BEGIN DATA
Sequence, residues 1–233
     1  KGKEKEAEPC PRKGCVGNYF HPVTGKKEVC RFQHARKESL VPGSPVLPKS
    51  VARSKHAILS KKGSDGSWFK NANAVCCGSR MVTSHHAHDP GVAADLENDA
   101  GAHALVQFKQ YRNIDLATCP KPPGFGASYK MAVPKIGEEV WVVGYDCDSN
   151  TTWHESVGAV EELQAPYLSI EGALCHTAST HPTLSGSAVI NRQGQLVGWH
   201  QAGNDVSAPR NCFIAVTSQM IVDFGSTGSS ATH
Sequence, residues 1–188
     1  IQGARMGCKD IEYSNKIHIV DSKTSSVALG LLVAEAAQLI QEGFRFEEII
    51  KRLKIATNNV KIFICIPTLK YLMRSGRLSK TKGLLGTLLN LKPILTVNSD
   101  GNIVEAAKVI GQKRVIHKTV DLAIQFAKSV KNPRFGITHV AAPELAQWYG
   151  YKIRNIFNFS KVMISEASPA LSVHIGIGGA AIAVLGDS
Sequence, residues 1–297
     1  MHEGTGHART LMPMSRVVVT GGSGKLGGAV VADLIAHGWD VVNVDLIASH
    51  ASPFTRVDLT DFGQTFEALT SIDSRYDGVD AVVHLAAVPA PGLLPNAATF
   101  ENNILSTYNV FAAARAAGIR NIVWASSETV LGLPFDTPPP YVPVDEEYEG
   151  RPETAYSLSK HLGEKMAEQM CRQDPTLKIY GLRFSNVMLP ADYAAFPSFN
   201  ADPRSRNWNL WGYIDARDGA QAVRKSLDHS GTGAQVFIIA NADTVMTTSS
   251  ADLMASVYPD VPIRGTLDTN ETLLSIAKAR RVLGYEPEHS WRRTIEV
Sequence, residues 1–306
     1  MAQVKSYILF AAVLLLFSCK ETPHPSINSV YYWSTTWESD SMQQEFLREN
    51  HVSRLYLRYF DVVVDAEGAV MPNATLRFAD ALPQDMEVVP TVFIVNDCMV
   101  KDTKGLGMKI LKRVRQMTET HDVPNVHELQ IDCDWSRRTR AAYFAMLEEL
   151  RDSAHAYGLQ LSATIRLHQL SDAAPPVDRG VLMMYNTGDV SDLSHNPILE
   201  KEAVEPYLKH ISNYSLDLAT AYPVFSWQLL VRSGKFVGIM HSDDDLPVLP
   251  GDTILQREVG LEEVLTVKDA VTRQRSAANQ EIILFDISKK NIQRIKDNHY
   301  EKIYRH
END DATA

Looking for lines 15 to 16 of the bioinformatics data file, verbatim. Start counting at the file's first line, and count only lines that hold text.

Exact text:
   101  ENNILSTYNV FAAARAAGIR NIVWASSETV LGLPFDTPPP YVPVDEEYEG
   151  RPETAYSLSK HLGEKMAEQM CRQDPTLKIY GLRFSNVMLP ADYAAFPSFN